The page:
Tsunamis in nature are caused by a shift in the tectonic plates, in other words, an earthquake. But, tsunamis also serve as the perfect metaphor to describe the current global aging population crisis. From 1946 to 1964 an earthquake felt around the world happened known as the baby boom. The result? A silver tsunami 65 years in the making.
In 2030, we expect the population of older Americans to double to 72.1 million and life expectancy to rise to 110. Joining Germany and Japan as countries deemed “super aged”, along with a handful of others.
How the Silver Tsunami Will Affect Healthcare
Compared to the younger population, Americans 85 and older are three times as likely to use an emergency medical service (EMS). And those that are 65 and older are twice as likely. So, if you don’t think you’re seeing many from the silver tsunami, you are certainly about to. The population that needs the most care is living longer and doubling in size as we speak. We saw this coming, yet our facilities are nowhere near capable to handle this magnitude of patients.
In order to prepare yourself for the oncoming storm, seek training in geriatrics. Illnesses and diseases most commonly found among the elderly is skyrocketing, so do yourself a favor and prepare for it now. And whenever you get a chance, remind these patients what precautions they can take to avoid injuries. Falls are their biggest enemy, yet it can be so easily prevented.
The Future of Healthcare
A population that is doubling and countries struggling with physician and nurse shortages are starting to feel the burden the silver tsunafmi is putting on their healthcare facilities. In order to cope or take precautionary measures, a few countries are starting to get creative. Some models or experiments have been implemented to provide better care for their aging population. They are proving to be cost effective and successful alternatives, that are inspiring others to do the same.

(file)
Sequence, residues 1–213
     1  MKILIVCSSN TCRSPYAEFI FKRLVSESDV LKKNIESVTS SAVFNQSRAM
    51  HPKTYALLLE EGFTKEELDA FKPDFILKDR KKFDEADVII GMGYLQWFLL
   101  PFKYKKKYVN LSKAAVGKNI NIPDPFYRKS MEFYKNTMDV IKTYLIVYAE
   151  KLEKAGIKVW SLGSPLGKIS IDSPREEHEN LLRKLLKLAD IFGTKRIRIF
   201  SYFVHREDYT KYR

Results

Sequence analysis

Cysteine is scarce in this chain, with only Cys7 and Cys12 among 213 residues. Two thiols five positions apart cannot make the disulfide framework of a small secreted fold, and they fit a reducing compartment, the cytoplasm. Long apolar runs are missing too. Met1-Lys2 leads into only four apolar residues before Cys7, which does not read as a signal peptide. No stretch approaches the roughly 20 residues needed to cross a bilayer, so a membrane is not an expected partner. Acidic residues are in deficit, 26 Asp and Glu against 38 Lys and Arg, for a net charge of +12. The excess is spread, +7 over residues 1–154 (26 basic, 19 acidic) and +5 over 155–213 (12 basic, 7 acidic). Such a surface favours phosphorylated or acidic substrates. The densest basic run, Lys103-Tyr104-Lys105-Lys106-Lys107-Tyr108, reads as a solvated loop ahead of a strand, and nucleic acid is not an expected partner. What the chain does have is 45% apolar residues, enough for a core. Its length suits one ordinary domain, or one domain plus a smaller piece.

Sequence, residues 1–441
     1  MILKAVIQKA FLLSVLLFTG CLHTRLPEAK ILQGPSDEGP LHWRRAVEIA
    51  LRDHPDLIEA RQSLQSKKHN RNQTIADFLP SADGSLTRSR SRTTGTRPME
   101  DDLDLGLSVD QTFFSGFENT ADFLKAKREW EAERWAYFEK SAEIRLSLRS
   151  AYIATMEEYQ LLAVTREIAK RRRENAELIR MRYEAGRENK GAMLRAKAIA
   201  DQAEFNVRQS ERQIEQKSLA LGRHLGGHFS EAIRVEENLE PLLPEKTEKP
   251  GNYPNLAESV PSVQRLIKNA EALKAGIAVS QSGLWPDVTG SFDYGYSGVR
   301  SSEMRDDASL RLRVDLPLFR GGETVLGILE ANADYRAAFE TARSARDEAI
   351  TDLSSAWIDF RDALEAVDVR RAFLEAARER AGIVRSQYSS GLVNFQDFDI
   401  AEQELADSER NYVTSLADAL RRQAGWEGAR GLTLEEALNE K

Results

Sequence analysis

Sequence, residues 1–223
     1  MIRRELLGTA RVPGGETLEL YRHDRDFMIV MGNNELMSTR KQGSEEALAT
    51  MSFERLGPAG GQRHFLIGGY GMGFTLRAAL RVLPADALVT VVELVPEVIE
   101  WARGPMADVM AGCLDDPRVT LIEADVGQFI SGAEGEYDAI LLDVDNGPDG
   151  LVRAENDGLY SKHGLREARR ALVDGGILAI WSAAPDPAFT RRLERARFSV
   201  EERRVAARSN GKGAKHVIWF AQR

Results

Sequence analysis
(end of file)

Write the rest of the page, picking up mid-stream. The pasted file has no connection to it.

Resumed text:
One of these models is set in a small village just outside of Amsterdam, called Hogewey. What makes this model so successful is the fact that the whole village is the model, and home to 152 dementia patients. 240 trained geriatric nurses and caregivers provide them 24-hour care. To further the illusion of this village, most of them are dressed as civilians. The patients are free to walk about the village within its confines, making this a great alternative to keep them active and giving them purpose again.
Now we can’t talk about the future of healthcare without mentioning robots. There are a few prototypes circulating that are designed with assisted living in mind. “Robear” helps seniors with everyday tasks, and can even lift patients from wheelchairs. In Melbourne, a nursing home is using Giraffplus, a remote-controlled robot that gives patients the ability to connect with loved ones and remain active with games. And just what the name suggests, Robo Chef is designed with cooking in mind. It can assemble, chop, manage the stove and oven, and even clean up the dirty dishes. It’ll enter the market as early as next year, so you’ll probably be sharing your tasks sooner than you think.